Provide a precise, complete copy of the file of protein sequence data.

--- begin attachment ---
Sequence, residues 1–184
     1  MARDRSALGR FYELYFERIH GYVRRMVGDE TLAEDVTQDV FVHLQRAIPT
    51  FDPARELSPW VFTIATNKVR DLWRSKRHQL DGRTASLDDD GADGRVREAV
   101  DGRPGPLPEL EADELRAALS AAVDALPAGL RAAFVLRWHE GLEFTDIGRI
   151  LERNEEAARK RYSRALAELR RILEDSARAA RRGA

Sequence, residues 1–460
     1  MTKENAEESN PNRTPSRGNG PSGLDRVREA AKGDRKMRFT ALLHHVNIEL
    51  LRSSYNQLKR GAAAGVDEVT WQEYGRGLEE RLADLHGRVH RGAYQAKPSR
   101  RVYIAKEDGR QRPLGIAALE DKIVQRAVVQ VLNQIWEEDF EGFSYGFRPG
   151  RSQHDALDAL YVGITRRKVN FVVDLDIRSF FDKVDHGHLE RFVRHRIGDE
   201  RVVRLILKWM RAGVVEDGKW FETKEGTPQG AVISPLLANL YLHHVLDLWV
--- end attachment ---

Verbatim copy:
Sequence, residues 1–184
     1  MARDRSALGR FYELYFERIH GYVRRMVGDE TLAEDVTQDV FVHLQRAIPT
    51  FDPARELSPW VFTIATNKVR DLWRSKRHQL DGRTASLDDD GADGRVREAV
   101  DGRPGPLPEL EADELRAALS AAVDALPAGL RAAFVLRWHE GLEFTDIGRI
   151  LERNEEAARK RYSRALAELR RILEDSARAA RRGA

Sequence, residues 1–460
     1  MTKENAEESN PNRTPSRGNG PSGLDRVREA AKGDRKMRFT ALLHHVNIEL
    51  LRSSYNQLKR GAAAGVDEVT WQEYGRGLEE RLADLHGRVH RGAYQAKPSR
   101  RVYIAKEDGR QRPLGIAALE DKIVQRAVVQ VLNQIWEEDF EGFSYGFRPG
   151  RSQHDALDAL YVGITRRKVN FVVDLDIRSF FDKVDHGHLE RFVRHRIGDE
   201  RVVRLILKWM RAGVVEDGKW FETKEGTPQG AVISPLLANL YLHHVLDLWV